After months of waiting (and hoping), the decision is finally in for your teenager’s top college choice. Your teenager logs into the admissions portal, clicks on the notification, and they’re . . . waitlisted?
Welcome to the college waitlist, a sort of limbo where your teenager hasn’t been accepted or rejected. Rather, your teenager still has to wait for her decision from that college. And that process could take weeks, even months. But do we know what to do if you teen is waitlisted? We asked Dr. Kat Cohen, CEO and founder of IvyWise, for her advice for students on the college waitlist.
Q: What is waitlisted for college? What does it mean?
Cohen: Colleges create waitlists to fill open slots in their freshman class left by admitted students who decide to go somewhere else. Take heart. This means the college considers your teenager to be qualified to attend. Colleges fill their waitlists with highly qualified applicants that just barely missed the admit pile. These students are likely great fits for the institution; the college may have just run out of room when building their well-rounded class. However, waitlisting a student is also a tactic some colleges use to politely reject a student who might be legacy or have some other connection to the institution.
Q: When will my waitlisted student get a decision?
Cohen: At most colleges, waitlisted applicants are considered after the students admitted regular decision let the college know whether or not they will attend. Some colleges start letting in students off the waitlist as early as April, but some don’t notify students until July or even August when school is about to start!
Q: What are the chances of getting accepted off a waiting list?
Cohen: That depends on the college. But at many selective institutions, waitlist admittance rates tend to be lower than the regular admittance rates. For example, at the University of Michigan, the regular admissions rate for the class of 2018 was 23.5 percent, while a mere 1.6 percent were admitted off the waitlist. You can find waitlist statistics for many colleges (though not all) at Collegeboard.org. Search for the college, then look under the Applying tab for that college.
Q: What should my waitlisted student do next?
Cohen: First, your student should consider whether or not they still want to attend that college. Students should be open minded about the schools that have accepted them. Those schools may ultimately be a better fit than previously expected. And they want you. Your student may decide to go to another school. In that case, simply decline the spot on the waitlist. And send in your deposit for the school they plan to attend.
However, if your student decides they would like to try to get into a college at which they’re waitlisted, then they must accept the spot on the waitlist, while also still sending in a deposit for another school. Don’t rely on your waitlist school without securing a spot at a school that did admit you. There are no guarantees you will get admitted off the waitlist. And you don’t want to be left without any school to attend come the fall.”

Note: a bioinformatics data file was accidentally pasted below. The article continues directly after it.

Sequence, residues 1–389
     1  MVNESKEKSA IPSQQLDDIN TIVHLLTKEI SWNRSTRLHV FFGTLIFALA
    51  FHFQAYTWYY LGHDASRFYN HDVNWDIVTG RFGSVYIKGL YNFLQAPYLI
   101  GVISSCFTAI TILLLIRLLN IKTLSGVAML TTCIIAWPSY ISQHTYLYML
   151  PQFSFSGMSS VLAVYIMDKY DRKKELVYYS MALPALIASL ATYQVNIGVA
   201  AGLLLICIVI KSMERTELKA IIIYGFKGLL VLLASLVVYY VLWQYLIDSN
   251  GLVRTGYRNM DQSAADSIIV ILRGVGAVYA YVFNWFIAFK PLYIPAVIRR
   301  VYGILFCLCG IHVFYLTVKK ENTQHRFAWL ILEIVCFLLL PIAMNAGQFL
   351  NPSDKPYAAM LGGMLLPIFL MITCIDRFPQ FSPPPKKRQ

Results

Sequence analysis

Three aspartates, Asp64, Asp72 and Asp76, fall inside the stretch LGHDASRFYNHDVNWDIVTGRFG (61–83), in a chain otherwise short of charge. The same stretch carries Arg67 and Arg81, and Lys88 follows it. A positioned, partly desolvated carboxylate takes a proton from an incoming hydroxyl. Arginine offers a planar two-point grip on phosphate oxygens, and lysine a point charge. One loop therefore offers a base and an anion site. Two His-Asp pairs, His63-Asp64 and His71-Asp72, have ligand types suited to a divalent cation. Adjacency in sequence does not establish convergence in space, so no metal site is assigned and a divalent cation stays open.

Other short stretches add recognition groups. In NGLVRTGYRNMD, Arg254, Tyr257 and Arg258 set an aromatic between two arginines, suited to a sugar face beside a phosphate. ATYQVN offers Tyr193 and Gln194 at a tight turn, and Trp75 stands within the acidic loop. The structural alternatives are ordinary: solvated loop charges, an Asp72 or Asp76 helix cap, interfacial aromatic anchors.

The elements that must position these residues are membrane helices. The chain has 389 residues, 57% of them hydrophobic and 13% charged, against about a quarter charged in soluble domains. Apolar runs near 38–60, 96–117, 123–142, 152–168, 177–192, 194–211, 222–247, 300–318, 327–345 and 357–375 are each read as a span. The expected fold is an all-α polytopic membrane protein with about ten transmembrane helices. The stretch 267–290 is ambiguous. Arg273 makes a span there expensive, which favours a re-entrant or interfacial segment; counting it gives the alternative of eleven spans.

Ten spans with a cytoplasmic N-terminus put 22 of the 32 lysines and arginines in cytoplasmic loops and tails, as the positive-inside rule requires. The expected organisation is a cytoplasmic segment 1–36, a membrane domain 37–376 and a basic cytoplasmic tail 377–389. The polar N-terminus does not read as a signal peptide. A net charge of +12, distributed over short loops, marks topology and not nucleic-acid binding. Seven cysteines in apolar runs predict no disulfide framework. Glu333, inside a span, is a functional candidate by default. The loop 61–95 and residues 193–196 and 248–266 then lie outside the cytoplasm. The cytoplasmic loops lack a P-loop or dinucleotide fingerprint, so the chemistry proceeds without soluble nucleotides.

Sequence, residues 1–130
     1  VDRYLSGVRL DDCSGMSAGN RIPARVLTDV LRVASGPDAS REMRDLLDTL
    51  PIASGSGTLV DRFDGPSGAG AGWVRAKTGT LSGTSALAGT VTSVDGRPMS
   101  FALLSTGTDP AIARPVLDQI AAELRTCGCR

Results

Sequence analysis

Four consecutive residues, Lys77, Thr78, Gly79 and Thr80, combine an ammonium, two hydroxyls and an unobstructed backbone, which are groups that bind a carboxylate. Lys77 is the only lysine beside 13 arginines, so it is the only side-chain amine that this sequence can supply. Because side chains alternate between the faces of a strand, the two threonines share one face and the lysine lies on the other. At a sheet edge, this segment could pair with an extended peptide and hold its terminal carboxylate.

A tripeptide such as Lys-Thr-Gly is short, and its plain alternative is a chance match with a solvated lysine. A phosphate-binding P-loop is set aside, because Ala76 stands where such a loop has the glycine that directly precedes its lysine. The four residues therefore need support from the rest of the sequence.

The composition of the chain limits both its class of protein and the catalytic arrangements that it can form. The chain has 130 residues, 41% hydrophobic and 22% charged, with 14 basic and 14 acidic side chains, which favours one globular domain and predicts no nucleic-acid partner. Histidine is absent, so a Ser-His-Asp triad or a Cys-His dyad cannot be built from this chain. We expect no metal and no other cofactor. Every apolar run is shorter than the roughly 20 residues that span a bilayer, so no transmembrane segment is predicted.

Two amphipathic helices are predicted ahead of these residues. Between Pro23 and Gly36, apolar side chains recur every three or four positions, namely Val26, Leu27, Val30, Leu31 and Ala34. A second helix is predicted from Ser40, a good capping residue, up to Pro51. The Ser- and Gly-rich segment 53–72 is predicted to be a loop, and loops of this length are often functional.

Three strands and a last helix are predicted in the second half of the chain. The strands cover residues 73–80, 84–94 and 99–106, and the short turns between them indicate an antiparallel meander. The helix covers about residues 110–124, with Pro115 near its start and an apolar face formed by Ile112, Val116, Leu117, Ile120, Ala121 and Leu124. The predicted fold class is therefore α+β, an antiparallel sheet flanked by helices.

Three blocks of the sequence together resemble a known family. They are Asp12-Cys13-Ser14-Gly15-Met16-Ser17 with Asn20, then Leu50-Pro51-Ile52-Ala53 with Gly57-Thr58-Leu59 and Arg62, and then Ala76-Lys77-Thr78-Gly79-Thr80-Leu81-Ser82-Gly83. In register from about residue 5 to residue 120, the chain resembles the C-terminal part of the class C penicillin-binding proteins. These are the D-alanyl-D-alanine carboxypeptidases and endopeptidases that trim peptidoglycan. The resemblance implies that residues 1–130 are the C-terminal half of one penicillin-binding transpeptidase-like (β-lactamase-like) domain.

Note that you may have to forfeit that deposit if your teenager is accepted off a college waitlist and decides to attend.
Q: How can my student improve their odds of getting off the waitlist?
Cohen: Start by following directions. Some schools allow and encourage students to send additional materials like recommendation letters, waitlist letters, new test scores, spring semester grades, etc. Double check to see what your waitlist school recommends and asks for and follow directions. Don’t send the school 10 new recommendation letters if they say they do not accept additional materials. Students can work with their college counselors to ensure they are providing the right materials and that the waitlist letter they draft includes the right information.
The waitlist letter should reiterate your interest in attending the school, as well as update the admissions office about what you’ve been doing, both inside and outside the classroom, adds Cohen.
Q: How do colleges pick students from the waitlist?
Cohen: Colleges do not rank waitlisted students. Rather, they select students off the waiting list for college admission in the same holistic way they select students for regular admission: by picking the applicants that will round out their freshman class. Colleges choose the students off the waitlists that meet their institutional needs. For example, if the school expected more engineering students to enroll than the actual number of students who matriculated, they may go to the waitlist and admit select engineering applicants to fill those spots.
Q: What else does my student need to know?
Cohen: It’s hard not to continue to be hopeful about a waitlisted college. But it’s best for students to move on and look forward to the college they’ve committed to with a deposit. Start preparing for the next step in your academic career. And get excited about this school—not your waitlist school.
And if your teenager does beat the odds and gets accepted to a waitlist college? Send in your deposit. Then let your alternative college know you will not be attending in the fall after all. That way that college can offer the spot to someone else ASAP.